New equipment have been purchased and a proper IT system will be implemented during the first quarter of 2012.
The MBGS Team strategy has also been to maintain constant and relentless communication channels with all stakeholders, including with entrepreneurs. The team responds rapidly, during the same day, to any query or other question from stakeholders, irrespective of the time of the day.

(d) Use of Resources

 d.      What resources were used for the initiative and what were its key benefits? In no more than 500 words, specify what were the financial, technical and human resources’ costs associated with this initiative. Describe how resources were mobilized
The resources used (which would not have been the case had no initiative been undertkane) included the recruitment of a Senior Advisor with significant experience in business and management, and with international exposure, to complement the team of Advisors in the MBGS Unit. Initially, the World Bank had provided for only a third Advisor. Upon the insistence of the MBGS Manager, the ministries involved and the World Bank gave their go-ahead for the recruitment of the Senior Advisor. He joined the team in April 2011.

Due to the success of the MBGS Unit, two new Advisors are also expected to join the team in 2012. This had not been budgeted earlier. Two new support staff have already been recruited during the year to assist the team of Advisors to uphold the highest standards of service delivery.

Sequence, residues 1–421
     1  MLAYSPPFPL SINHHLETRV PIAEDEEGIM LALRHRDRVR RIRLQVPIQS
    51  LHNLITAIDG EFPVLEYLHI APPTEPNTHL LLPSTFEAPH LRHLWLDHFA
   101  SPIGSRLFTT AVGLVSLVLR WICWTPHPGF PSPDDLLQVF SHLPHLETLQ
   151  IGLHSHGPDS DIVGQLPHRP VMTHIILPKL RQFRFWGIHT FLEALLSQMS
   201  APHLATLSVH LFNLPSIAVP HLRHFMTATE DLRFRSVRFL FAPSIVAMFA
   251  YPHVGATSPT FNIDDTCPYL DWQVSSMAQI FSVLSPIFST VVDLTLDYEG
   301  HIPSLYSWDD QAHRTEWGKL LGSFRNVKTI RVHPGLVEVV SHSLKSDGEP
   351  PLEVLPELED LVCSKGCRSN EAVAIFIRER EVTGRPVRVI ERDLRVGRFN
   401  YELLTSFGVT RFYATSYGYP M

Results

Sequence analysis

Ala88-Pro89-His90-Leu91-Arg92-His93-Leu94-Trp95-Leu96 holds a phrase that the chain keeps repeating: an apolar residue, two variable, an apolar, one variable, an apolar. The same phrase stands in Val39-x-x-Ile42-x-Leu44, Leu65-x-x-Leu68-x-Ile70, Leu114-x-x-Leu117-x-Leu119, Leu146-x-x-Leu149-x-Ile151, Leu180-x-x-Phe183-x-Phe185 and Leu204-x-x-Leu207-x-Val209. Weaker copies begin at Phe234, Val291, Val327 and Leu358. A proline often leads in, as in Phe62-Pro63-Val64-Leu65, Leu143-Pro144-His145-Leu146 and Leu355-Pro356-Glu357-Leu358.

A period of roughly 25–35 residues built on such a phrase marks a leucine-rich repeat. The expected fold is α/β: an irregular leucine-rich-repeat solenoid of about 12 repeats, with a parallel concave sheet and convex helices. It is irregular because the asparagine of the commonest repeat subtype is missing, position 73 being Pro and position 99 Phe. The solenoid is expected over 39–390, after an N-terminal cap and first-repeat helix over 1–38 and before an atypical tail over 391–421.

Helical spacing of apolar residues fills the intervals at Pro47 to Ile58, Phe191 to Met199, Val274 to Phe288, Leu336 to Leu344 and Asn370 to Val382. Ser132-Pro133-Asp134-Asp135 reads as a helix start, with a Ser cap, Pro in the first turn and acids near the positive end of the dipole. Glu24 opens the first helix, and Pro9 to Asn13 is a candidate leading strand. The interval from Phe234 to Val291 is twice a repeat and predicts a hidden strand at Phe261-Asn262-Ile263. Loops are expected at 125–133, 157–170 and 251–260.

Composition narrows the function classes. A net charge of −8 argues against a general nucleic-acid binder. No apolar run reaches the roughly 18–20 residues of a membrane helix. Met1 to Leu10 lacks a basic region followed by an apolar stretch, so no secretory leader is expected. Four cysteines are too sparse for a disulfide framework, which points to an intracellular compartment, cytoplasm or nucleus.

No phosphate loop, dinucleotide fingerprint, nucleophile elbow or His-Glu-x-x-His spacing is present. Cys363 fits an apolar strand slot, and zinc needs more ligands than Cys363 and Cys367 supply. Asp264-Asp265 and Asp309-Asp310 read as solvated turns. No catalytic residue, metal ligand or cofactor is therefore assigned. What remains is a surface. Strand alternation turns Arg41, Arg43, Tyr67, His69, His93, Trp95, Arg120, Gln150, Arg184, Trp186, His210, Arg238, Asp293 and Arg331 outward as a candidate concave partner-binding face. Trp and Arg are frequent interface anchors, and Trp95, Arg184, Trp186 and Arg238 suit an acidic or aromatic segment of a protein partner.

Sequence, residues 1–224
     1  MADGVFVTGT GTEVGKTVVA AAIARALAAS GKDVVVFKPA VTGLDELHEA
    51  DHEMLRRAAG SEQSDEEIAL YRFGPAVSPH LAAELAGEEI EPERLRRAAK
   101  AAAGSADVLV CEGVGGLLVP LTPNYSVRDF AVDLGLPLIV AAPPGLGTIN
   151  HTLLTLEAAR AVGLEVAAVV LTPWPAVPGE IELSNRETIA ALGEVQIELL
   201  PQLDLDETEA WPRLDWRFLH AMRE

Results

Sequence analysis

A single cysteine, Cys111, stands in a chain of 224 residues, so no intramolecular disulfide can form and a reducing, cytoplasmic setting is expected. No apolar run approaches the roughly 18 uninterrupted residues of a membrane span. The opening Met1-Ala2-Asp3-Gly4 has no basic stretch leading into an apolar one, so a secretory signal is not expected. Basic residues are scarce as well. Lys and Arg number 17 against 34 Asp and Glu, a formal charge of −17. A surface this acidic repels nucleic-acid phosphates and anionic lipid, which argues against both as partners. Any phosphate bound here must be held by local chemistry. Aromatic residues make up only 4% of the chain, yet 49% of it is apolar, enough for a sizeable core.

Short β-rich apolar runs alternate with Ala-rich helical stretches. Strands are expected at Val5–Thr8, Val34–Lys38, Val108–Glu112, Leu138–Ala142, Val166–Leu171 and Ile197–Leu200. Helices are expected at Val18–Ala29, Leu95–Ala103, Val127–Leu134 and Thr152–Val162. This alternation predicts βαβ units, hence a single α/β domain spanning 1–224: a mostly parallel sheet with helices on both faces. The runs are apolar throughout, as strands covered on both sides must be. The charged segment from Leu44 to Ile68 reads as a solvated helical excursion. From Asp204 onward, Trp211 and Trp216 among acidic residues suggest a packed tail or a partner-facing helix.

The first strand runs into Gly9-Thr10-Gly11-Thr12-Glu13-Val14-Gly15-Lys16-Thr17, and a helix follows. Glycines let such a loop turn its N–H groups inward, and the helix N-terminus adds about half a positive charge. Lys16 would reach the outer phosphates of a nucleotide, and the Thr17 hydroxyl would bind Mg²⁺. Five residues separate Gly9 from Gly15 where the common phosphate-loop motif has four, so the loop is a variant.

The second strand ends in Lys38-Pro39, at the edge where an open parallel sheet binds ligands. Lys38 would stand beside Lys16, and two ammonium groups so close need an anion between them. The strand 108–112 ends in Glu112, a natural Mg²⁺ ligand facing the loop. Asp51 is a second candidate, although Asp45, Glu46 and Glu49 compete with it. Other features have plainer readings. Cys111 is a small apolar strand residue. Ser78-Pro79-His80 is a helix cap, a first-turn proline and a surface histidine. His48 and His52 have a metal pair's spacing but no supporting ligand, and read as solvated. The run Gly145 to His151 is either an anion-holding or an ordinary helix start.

The increase in the compensation budget of the MBGS is expected to increase by some 50% in the first quarter of 2012.
The MBGS Unit has also already relocated twice in about 18 months in order to be able to deliver an exceptional service to entrepreneurs. The new office has been fully refurbished and can now accommodate a large number of staff as well as clients. All meetings related to the MBGS are also held in the new, larger conference room of the MBGS Unit (which was not the case previously, when meetings had to be organised at the other ministries).

A new website is now operational. A modern IT and Knowledge Management System will be implemented during the quarter of 2012. Currently no such system is available at MBGS.
The key benefits out of the new resources being used are obvious, namely: More than 90% client satisfaction so far; full stakeholder satisfaction; added credibility; all targets fixed at the beginning of the year have been exceeded by far; a new California-style scheme added by the Minister of Finance in his Budget Speech in November 2011 to complement the portfolio of services offered by the MBGS; and above all, a strengthened, dedicated MBGS Team available round-the-clock to support entrepreneurs to innovate, improve competitiveness and grow in a sustainable manner in an ever-more challenging global business environment.

Sustainability and Transferability

  Is the initiative sustainable and transferable?
Most of the stakeholders involved have acclaimed the initiative undertaken by the MBGS Team under the leadership of the Manager. Most of the praise, however, comes from the entrepreneurs themselves. Press coverage is also generous in terms of praise attributed to the MBGS Unit.